Dr. Jacob M. Appel is the director of ethics education at Icahn School of Medicine, Mt. Sinai, Manhattan said that Boroson's 1960s work had the unintended result of muzzling psychiatrists today.
Interviews and notes by Mr. Boroson reveal that his concerns about Mr. Goldwater's health were piqued after he learned that Mr. Goldwater had suffered two nervous breakdowns. These were stressful circumstances that later proved to be exaggerated.
Ginzburg said, "Why don't you ask some psychiatrists whether a nervous collapse incapacitates someone to hold public office?" Mr. Boroson was recalled. "Ginzburg instantly replied, "Let's get every psychiatrist in this country." So we did.'
Fact reached out directly to 12,356 American Psychiatric Association members to ask them: "Do you believe Barry Goldwater can psychologically serve as President of the United States?" Out of 2,417 respondents, 657 replied "Yes" and 1,189 said "No." Rest of the respondents said that they did not know enough about senator's mental health to make a decision.
Boroson stated that 41 pages of extracts from responses in the magazine were 'the most thorough character analysis of a living person'.
The title of the cover article, "The Man and the Menace", was taken from the draft by Mr. Boroson, and was apparently rewritten and edited by David Bar-Illan (an Israeli pianist and editor).
In his notes, Mr. Boroson wrote that he had resigned from Fact because of anger. "And insisted that my name be not listed as the author for the Bar-Illan Article." The article was published under the byline of Mr. Ginzburg.
A court of appeal ruled that Boroson had been omitted from Mr. Ginzburg's reference to the authoritarian personality. It also reached the conclusion that Senator Goldwater was paranoid and mentally ill.
Time magazine stated that the published version of Mr. Goldwater was 'a paranoiac and a latent homosexual, and a later-day Hitler'.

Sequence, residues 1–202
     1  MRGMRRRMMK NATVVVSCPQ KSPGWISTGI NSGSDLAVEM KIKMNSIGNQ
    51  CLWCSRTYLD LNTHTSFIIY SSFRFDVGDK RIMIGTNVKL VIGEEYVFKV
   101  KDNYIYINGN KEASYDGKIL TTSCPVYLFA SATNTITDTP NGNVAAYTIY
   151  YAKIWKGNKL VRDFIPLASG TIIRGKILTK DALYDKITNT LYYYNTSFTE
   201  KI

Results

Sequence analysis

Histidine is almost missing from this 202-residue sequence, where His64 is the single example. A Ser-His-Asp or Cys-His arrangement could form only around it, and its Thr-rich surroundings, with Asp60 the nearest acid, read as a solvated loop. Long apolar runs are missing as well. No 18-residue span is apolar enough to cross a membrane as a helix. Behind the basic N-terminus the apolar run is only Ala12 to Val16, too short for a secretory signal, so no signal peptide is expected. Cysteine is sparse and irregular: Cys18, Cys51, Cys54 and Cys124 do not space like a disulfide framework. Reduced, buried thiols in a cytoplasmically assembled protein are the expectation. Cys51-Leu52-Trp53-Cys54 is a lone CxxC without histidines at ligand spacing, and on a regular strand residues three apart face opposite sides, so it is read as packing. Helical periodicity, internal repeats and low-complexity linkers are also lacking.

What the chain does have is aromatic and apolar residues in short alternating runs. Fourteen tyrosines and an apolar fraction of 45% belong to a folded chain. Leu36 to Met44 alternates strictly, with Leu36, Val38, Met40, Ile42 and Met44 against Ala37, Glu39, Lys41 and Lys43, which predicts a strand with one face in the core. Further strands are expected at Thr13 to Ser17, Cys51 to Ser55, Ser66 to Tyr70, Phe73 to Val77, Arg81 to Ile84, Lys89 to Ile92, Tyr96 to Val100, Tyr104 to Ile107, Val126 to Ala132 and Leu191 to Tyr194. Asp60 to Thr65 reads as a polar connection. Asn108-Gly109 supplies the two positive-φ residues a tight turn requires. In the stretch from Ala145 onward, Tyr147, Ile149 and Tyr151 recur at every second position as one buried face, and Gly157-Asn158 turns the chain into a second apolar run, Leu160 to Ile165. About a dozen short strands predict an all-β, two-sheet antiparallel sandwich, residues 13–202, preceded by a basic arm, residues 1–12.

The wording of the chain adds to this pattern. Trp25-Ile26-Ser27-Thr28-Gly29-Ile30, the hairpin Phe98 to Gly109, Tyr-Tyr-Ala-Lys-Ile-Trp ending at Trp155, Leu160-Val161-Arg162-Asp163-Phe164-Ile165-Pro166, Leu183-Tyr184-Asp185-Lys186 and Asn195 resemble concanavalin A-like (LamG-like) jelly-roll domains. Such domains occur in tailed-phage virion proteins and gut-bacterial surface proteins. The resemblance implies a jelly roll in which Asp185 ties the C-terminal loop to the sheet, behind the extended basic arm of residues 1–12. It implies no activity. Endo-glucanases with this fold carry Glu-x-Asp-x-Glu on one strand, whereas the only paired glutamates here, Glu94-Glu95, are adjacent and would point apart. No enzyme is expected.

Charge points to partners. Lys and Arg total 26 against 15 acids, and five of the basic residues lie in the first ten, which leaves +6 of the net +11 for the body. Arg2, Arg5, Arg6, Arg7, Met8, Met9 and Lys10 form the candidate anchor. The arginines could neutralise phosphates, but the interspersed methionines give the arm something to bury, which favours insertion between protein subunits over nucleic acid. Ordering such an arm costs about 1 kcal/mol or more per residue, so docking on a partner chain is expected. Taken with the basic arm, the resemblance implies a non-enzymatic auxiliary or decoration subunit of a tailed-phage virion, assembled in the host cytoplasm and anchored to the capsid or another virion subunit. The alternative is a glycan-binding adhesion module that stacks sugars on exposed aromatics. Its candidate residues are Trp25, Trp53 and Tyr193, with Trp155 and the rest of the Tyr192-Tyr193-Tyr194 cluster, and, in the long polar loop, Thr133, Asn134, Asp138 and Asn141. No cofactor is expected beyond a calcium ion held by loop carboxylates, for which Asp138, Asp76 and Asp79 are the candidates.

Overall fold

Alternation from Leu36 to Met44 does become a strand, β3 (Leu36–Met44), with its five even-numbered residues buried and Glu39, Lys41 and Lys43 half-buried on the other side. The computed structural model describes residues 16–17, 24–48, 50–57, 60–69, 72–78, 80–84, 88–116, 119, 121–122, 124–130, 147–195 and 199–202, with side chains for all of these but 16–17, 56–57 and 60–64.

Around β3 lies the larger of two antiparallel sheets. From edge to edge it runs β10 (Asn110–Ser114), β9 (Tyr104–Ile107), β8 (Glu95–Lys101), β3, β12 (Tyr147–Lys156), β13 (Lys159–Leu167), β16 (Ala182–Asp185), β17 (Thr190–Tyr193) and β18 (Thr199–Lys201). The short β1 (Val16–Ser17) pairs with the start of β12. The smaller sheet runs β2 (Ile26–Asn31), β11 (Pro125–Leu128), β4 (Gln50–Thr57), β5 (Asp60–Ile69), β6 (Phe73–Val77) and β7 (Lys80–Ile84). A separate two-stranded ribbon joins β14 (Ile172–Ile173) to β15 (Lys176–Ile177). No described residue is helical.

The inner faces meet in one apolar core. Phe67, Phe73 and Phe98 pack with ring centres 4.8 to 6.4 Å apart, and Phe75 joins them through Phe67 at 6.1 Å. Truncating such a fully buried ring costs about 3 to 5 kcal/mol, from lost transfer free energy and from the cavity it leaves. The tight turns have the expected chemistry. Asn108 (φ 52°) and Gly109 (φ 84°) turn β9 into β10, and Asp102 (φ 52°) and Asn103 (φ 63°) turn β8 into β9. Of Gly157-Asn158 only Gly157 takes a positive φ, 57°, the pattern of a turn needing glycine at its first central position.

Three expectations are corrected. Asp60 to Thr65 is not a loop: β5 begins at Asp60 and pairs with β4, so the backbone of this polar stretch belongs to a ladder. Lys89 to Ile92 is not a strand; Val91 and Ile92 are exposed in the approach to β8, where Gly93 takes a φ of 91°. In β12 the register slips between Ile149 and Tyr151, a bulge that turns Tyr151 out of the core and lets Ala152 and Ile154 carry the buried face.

The jury award was upheld by the Supreme Court. Mr. Ginzburg received punitive damages totaling $25,000 and Mr. Boroson $1, respectively. Hugo L. Black, William O. Douglas and others disapproved, citing First Amendment protections.
Warren Gilbert Boroson was a Manhattan native, born Jan. 22, 1935. Cecelia (Wersan), Boroson was his mother. Henry was his father.
Warren was a graduate of Memorial High School, West Nyack, N.Y. He also received a bachelor's in English from Columbia University in 1957.
His wife Rebecca (Kaplan), a retired journalist, is his only survivor. He is also survived by Bram Boroson and Matthew Boroson and his brother Dr. Hugh Boroson.
Four years after the Goldwater survey was completed, Ginzburg attempted to conduct a similar survey among psychiatrists about President Johnson's mental state in 1968. The results of his survey were not published even if he was successful.
Later, Mr. Boroson wrote under his pen name for local newspapers and magazines. (Fact was a quarterly that was published between January 1964 and August 1967. More than 20 books were written by him, including financial guides for self-help. He taught journalism, finance, and music at colleges.
It was a regret that I didn't propose to write a book on Trump before he became famous. Trump: In Relentless Pursuit Of Selfishness.